The public square is a place of meeting. America has long had many kinds of meeting places—the town greens, meeting houses, and commons of New England, the gracious plazas at the heart of the Spanish towns like Santa Fe, the great green malls of Washington D.C. that have seen so many demonstrations and celebrations. Legislative halls and courthouses, zoning boards and city council meetings, schools and sports facilities may also be considered part of the public square. Whatever the public square may mean as a physical space, it is space that symbolizes the free encounter of peoples and ideas that is at the heart of civil society. It is the space—wherever that may be—in which people gather together for the work, the ceremony, the celebration of the whole, leaving for a moment the privacy of their homes and churches, synagogues and mosques, temples and gurdwaras. Here we explore the debates of the American public square over the issue of religious difference.
In “Historical Perspectives” we take a historical look at the expanding religious diversity of America. The peoples of America have long encountered religious difference—from the variety of Native tribal traditions which existed before Europeans arrived on American shores to the presence today of every major religious and ethical tradition of the world in the United States. We look at key moments in American history when the question of religious difference was discussed or debated.
Of course, the history of America’s encounter with religious difference is closely related to the history of what came to be its dominant religious tradition: Christianity. But America’s is a distinct history, a history with at least two sides (but usually many) and multiple perspectives. In the New World, Christians and Native peoples encountered one another, not only in the first decades of settlement, but in every decade since. Here in America Christians have also encountered other Christians—Puritans, Anglicans, and Catholics in colonial America, and Russian Orthodox, Samoan Methodists, Filipino Catholics, Korean Presbyterians, and Ghanaian Anglicans today.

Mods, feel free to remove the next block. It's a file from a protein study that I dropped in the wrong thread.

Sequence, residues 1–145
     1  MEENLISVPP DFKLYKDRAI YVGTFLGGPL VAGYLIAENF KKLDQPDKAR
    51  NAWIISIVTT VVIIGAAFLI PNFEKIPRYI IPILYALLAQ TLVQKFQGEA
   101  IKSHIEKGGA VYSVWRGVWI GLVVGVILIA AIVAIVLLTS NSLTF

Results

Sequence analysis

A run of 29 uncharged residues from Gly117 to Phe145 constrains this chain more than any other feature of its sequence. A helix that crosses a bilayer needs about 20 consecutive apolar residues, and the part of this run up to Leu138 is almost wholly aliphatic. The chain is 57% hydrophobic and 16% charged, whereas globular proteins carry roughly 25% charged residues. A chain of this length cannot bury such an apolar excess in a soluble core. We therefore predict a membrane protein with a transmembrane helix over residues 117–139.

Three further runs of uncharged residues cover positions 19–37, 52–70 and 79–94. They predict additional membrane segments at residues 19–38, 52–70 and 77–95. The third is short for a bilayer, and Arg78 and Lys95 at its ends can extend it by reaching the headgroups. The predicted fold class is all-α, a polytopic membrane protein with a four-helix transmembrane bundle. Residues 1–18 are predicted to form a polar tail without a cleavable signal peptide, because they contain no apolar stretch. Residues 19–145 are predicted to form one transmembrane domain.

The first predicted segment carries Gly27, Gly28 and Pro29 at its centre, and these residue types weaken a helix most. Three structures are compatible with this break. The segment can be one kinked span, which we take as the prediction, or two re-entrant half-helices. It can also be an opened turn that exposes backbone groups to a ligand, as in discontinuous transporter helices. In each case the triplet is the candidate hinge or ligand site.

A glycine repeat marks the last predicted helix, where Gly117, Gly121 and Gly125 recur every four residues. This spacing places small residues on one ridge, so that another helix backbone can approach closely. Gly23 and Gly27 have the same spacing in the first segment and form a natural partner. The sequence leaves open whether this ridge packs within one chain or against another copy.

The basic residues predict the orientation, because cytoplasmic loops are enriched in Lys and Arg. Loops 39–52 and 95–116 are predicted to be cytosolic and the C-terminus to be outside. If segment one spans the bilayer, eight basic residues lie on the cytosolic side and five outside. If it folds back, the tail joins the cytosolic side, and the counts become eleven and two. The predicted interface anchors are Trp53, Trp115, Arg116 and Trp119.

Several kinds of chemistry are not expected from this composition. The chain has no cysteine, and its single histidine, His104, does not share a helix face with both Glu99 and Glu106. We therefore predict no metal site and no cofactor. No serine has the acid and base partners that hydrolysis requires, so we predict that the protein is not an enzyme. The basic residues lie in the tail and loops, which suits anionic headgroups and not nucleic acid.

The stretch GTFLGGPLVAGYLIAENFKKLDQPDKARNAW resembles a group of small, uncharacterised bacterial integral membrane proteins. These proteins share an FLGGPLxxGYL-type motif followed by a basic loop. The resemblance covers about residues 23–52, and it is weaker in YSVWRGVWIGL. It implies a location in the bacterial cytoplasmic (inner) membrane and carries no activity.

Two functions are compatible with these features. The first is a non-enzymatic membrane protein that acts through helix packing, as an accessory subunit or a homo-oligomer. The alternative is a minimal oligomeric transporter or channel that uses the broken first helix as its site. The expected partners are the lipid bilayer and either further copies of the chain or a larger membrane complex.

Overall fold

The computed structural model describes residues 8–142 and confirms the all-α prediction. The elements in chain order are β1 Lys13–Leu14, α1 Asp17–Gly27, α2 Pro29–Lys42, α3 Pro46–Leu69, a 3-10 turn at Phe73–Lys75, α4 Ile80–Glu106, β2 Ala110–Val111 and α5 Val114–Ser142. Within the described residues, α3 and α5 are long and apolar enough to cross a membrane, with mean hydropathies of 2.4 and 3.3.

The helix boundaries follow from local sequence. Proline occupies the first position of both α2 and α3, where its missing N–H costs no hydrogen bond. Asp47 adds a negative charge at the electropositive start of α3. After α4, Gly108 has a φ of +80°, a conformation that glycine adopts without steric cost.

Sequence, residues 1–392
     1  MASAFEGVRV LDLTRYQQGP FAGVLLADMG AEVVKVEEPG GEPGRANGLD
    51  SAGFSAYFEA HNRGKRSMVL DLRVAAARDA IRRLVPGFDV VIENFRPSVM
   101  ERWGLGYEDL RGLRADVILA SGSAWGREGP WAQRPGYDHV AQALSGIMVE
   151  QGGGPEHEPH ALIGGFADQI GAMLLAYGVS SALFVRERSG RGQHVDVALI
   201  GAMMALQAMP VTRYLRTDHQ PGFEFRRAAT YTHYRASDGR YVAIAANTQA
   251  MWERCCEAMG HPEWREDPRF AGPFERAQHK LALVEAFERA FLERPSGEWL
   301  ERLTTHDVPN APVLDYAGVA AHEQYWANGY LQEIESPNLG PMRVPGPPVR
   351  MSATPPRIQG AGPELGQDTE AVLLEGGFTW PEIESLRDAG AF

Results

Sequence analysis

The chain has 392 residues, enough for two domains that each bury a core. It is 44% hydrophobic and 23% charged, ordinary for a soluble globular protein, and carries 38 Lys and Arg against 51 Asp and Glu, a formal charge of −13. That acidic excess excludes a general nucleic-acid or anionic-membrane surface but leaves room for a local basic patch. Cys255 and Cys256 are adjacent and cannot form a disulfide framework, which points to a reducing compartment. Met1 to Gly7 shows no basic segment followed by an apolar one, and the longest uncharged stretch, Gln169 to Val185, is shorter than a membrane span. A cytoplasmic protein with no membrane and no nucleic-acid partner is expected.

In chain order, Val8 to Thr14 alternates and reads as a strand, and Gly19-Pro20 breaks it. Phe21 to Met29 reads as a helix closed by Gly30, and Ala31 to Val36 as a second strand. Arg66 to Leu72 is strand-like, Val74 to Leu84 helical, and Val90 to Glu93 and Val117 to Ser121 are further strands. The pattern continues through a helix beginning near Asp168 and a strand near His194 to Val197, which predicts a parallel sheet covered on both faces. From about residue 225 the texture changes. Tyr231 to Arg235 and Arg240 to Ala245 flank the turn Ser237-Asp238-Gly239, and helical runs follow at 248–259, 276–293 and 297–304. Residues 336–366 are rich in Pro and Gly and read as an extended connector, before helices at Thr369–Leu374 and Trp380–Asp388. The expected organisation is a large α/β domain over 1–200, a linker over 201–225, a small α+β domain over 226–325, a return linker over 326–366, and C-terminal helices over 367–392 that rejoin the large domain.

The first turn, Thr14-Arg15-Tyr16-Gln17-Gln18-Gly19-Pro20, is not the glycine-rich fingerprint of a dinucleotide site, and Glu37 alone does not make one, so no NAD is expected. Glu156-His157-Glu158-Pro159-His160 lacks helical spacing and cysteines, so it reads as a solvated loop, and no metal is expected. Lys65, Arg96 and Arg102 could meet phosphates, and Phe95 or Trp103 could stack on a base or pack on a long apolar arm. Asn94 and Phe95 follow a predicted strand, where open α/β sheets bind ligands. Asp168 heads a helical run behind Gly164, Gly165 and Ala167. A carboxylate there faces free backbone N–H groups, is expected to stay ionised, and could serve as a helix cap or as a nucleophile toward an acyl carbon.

Christians and Jews took measure of one another in eighteenth century New Amsterdam, Boston, and Savannah and have continued to discover new dimensions of Jewish-Christian relations for over two centuries. Today, Jewish and Christian leaders in-training study side-by-side as theological schools in places like Greater Boston and Philadelphia strive to prepare students for leadership in a religiously diverse world. America’s Muslim tradition goes back to at least the eighteenth century when 10 percent or more of the captives brought from Africa as slaves were Muslim. In the late nineteenth century, Muslims came to the U.S. as immigrants from Lebanon and Syria, and in the late twentieth century, from India and Pakistan. Chinese and Japanese workers first brought Buddhist, Daoist, and Confucian traditions to American shores in the nineteenth century. The last fifty years have seen the growth of new Asian immigration—both Buddhist and Christian—from Taiwan, China, Korea, Vietnam, Cambodia, the Philippines, and Thailand.